Study Shows Link Between Alcohol Use And Psychosocial Problems In Teens
Aggressive teens are more likely to abuse alcohol than their peers.
A new Finnish study has revealed that aggressive teens are more likely to abuse alcohol than their peers. Published in Journal of Adolescence, the study was carried out in cooperation between the University of Eastern Finland, Kuopio University Hospital, the University of Tampere, and Päijät-Häme Central Hospital.
Researchers assessed the link between psychosocial problems and drinking among 4,074 Finnish youngsters aged between 13 and 18. Sixty percent of the teenage participants drank alcohol at some point during the study. Incredibly, 50% of the 15 year olds in the study abused alcohol. Another intriguing result was that no significant differences between alcohol use among boys and girls were found.
Alcohol use is common among teenagers, but the direct association between such use, and behavioral and emotional problems is not well understood. In a further finding, the Finnish research team noted that teen smoking and attention seeking disorders also appear to be heightened by and linked to alcohol use. Among the female subjects of the study, early onset of menstrual cycles and parental divorce increased the risk of alcohol abuse.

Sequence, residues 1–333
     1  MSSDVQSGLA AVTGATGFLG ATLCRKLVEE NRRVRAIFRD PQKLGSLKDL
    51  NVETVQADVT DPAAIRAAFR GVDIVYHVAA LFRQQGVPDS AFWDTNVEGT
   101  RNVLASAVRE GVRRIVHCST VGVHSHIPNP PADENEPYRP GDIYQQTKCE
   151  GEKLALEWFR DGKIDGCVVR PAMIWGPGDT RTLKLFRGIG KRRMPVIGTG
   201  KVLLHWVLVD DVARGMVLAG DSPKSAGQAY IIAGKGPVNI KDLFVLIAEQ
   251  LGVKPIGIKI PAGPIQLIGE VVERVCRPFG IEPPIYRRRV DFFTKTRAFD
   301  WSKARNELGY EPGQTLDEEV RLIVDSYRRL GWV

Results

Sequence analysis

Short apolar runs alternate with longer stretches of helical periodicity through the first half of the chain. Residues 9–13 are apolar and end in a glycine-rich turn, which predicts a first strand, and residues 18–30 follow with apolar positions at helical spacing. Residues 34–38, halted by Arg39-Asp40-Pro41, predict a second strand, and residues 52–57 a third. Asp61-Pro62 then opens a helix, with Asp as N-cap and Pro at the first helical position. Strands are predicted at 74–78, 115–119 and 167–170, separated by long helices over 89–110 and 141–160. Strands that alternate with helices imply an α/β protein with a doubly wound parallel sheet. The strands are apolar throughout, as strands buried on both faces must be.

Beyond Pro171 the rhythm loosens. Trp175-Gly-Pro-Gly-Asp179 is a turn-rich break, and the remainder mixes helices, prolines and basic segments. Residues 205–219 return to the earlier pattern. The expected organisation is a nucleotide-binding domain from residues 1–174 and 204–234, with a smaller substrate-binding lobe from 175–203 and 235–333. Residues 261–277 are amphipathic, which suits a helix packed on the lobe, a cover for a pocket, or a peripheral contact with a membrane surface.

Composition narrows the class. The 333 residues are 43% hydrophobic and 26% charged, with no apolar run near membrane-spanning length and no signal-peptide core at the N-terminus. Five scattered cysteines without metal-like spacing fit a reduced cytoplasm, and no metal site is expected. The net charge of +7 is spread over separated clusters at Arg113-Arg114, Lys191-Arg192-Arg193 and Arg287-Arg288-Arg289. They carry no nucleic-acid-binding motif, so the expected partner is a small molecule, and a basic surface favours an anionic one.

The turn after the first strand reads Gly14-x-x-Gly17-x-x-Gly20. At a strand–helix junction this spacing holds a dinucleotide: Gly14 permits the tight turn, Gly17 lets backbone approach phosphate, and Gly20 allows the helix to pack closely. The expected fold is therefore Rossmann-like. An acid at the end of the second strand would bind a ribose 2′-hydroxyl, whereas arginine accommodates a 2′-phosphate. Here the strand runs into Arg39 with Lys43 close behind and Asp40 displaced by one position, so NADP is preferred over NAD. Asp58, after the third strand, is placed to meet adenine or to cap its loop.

Eila Laukkanen, Professor and Chief Physician of Adolescent Psychiatry at the University of Eastern Finland and Kuopio University Hospital, expressed her concerns in a press release. "The findings raise questions about a possible change in the behavior of adolescent girls and their vulnerability during adolescent social and emotional development," Laukkanen said.
Surprisingly, researchers found that depression and anxiety in teens did not necessarily correlate with alcohol usage. In addition, the proportion of youngsters who consumed alcohol did not increase compared to previous studies done by other researchers in Finland, but the amounts of alcohol consumed while drinking did increase, sometimes even exceeding the risk levels.